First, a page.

Tuesday, September 3, 2013

New Report Finds Success for Program Serving LA's Young Black Males

First year evaluation report cites positive outcomes and recommendations for future programming

Across the nation, the disproportionate representation of Black male youth on probation and in prison is staggering.   In Los Angeles County for example, Black youth make up 10% of the youth population, yet they comprise 30% of youth under probation supervision.   In an effort to support this population and prevent deeper involvement in the justice system, the California Community Foundation (CCF), a public, charitable organization serving Los Angeles County, launched Building a Lifetime of Options and Opportunities for Men (BLOOM) in May 2012, a five-year initiative with the goal of redirecting Black male youth involved with the Los Angeles County probation system, toward improved educational and employment opportunities and outcomes.

Here’s how it works: Youth participants must be Black males between the ages of 14-18, a South L.A. resident, and currently or have been previously on probation.   Five community partner organizations provide youth with culturally appropriate services of academic support and career exploration in an environment that promotes accountability and personal responsibility.  The desired outcomes are high school completion and/or pursuit of post-secondary education, and development of job readiness skills.   The BLOOM Initiative aims to help 1,200 youth complete high school and 1,000 youth earn meaningful employment by 2017.

So how did the first year of the program fare?  In an evaluation report issued in June 2012, of the 174 youth enrolled (exceeding the projected number of 130 youth), there was a 45% reduction in the number of school suspensions and 93% of youth had not violated their probation terms or did not re-enter the probation system.  Considering recidivism rates for probation-involved youth in Los Angeles range from 50 to 70 percent, BLOOM considers these outcomes phenomenal achievements.  In addition, the evaluation found that nearly 60% of BLOOM youth were enrolled in, or had completed the 10th, 11th or 12th grade.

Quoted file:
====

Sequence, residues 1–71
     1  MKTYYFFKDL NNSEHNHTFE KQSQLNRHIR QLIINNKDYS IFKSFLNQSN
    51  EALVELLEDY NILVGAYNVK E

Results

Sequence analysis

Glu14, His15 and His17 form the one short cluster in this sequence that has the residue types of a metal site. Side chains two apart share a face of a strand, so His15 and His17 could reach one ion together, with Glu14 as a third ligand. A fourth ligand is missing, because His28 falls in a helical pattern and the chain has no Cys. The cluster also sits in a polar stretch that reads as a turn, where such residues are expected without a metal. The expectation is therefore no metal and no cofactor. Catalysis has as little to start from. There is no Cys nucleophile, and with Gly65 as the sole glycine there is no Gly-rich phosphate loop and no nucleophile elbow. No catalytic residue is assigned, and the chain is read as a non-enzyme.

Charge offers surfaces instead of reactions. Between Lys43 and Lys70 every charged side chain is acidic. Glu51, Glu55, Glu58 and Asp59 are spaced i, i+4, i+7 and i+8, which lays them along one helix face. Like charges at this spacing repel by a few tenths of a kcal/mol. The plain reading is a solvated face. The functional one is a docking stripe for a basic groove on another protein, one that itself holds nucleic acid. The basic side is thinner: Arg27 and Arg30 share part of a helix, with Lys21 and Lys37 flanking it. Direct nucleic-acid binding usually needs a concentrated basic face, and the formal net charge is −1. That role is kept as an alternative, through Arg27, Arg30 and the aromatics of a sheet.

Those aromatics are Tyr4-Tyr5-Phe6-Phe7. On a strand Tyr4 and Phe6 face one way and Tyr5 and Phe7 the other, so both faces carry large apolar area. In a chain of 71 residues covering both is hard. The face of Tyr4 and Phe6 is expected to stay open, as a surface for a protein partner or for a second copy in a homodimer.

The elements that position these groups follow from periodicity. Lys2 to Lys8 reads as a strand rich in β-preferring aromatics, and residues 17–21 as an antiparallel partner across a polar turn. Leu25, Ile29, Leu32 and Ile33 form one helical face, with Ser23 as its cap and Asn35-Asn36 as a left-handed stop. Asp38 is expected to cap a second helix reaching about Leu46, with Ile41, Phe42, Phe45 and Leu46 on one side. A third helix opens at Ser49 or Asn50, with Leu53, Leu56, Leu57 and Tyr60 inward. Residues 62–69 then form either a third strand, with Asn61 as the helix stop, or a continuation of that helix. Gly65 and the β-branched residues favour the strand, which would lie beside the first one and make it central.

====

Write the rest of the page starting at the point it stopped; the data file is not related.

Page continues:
Of important to note, BLOOM youth identified mentorship, experiential learning opportunities and exposure, and supportive environments as being most significant to not reoffending.

 photo LarenzandAnthony2_zps40355ccc.jpg
Actor and BLOOM spokesperson Larenz Tate with BLOOM youth Anthony Smith/Photo: Malcolm Ali

Over the five-year initiative, BLOOM and its evaluators will explore the following:
  • Are there increased philanthropic, government and business investments specifically geared toward this population in this specific issue area? What lessons can be learned and applied for other funders interested in making similar investments?
  • What larger external factors, events or trends have impacted this population in Los Angeles County? What are the implications for the BLOOM initiative and other investors in the field?
  • Has public perception of system-involved Black male youth started to shift? Are there increased educational and employment options available for this population?

More evaluation findings from the first year can be found in the executive summary, the full evaluation report and a BLOOM infographic/impact report.

BLOOM is currently in need of community partners willing to donate, volunteer, and provide educational and employment opportunities for the young men.   To explore opportunities, please contact BLOOM Initiative Director Robert Lewis at RLewis@calfund.org or call 213-413-4130. Visit the website at http://iambloom.com/.

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